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Starting up, twice: Ex-IT guy fathoms the pain points in business

Entrepreneurship is lately in vogue. As Li Keqiang, Premier of the State Council of China, called for “widespread entrepreneurship and innovation” in 2014, the term came to be a phenomenon (Beijing’s Innoway is an exemplar). Long before the mainland government rolled out relevant policies, Perkins Ho has launched his own travel-tech businesses two times. The practical experience proved invaluable to his current role at CUHK – facilitating scholars to engage in entrepreneurial and social innovative endeavours.

Perkins had two shots at starting up his business before joining CUHK in 2016. (Photo: ORKTS)

First taste of entrepreneurship

Perkins, a self-proclaimed double for former Financial Secretary Antony Leung, joined CUHK in 2016 as Head of Entrepreneurship and Social Innovation under Office of Research and Knowledge Transfer Services. And like many western tech start-up founders, he was an engineer. Subsequent to his secondary studies in Hong Kong, Perkins went for a degree in electrical engineering at Cornell University. “Simply cos I got higher grades for maths and science,” he shrugged.

He then worked in the country for a few years (including under telecom giant AT&T) while pursuing his master’s studies at Columbia University. As for the reason for not sticking around – why, yes, he got bored. Looking for more exciting development back in Asia, he quitted his job and flew home. Years of working day and night in financial advisory ensued before he decided to start a business with friends in 2008. Naturally, he learned a huge lesson from this initial project – a trip-planning platform.

“I found the idea sexy. Apps had yet to blow up then; people loved travelling, minus the planning part.” The team set up a platform offering trip-planning services, received investment, and made it into Science Park. “Didn’t work in the end. The platform offered limited value-add, we had no users,” Perkins brought his first downfall out in the open.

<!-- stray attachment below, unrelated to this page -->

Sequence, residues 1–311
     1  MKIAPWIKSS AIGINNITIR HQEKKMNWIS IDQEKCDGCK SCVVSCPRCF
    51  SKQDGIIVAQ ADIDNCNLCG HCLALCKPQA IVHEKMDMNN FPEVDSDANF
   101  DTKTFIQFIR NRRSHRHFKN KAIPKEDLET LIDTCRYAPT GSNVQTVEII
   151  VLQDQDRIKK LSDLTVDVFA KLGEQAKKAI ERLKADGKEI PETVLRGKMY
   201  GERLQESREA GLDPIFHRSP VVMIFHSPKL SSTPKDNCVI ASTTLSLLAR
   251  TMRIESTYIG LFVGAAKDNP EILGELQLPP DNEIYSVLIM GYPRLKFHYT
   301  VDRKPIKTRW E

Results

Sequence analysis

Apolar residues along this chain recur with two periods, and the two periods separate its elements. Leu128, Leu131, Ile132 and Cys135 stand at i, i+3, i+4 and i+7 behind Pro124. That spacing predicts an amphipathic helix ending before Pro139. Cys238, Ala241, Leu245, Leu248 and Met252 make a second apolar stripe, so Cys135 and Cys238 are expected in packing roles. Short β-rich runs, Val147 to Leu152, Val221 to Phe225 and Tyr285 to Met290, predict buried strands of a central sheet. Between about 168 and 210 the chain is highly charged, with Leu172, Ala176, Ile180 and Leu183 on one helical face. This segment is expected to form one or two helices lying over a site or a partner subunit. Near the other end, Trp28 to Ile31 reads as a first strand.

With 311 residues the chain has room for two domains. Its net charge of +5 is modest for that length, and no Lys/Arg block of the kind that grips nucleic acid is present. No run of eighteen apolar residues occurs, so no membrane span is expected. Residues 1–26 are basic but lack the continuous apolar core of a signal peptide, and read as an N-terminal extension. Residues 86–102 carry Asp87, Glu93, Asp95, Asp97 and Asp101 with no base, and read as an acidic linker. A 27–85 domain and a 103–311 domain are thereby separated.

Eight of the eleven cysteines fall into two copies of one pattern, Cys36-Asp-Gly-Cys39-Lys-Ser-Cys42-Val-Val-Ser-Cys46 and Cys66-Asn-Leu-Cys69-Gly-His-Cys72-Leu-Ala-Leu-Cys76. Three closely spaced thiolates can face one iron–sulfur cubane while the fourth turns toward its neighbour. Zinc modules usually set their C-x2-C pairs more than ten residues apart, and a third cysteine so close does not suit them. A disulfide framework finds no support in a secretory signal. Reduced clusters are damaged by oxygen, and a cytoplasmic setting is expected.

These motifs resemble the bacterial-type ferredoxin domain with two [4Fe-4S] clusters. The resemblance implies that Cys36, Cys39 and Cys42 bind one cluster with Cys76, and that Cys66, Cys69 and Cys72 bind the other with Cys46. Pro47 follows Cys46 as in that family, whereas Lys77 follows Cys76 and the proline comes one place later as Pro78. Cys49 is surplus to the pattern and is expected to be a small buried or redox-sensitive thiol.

Three fatal flaws

Some say few start-ups survive, most go up in smoke. To sum up the reasons he was sent packing, “The tech was not ready; we didn’t understand the industry well enough; what the platform set out to solve might not have been the users’ pain point.” He deemed the last point the heart of the matter, “Be it free of charge, a product that doesn’t answer the real issue finds no customers.”

Had Perkins met his Waterloo? Apparently, he refused to admit defeat. Soon enough, his second project got underway – a room-booking system for inns in mainland China. “I ventured across old towns near Shanghai and Yunnan for small inns, and persuaded them to adopt our system. So they could sell their rooms directly without an agency fee.” Ain’t that interesting. How did it wind up in vain?

Again, an “unsatisfactory” job done on understanding customers’ needs. He saw it problematic that his team had a loose grasp of mainland internet culture. “There’s no concept of official sites. Even top brands rely heavily on platforms such as and Tmall.” He observed that relative to westerners, mainland netizens seldom use search engines. They don’t even install browsers on their phone, only an array of apps to serve their every daily need. Second time starting up, Perkins became acquainted with China’s “platform economy”.

Learning to let go at the right time

Perkins called it an unfortunate decision to set aside his dream. “Too arduous, too strenuous. Half a year after the MVP (minimum viable product) was out and we still couldn’t nail the product-market fit. Had no choice but to let it go.” Happened that his son was born, prompting him to make up his mind and return to the job market. “Lost a great deal of money for sure, perhaps that’s why I don’t stress about spending as much now.” Despite the half cup of water spilt, he concerns himself more with the remaining half – how to make the most out of what he still has.

By Kary Wong@ORKTS
English translation by Cathy Wong@ORKTS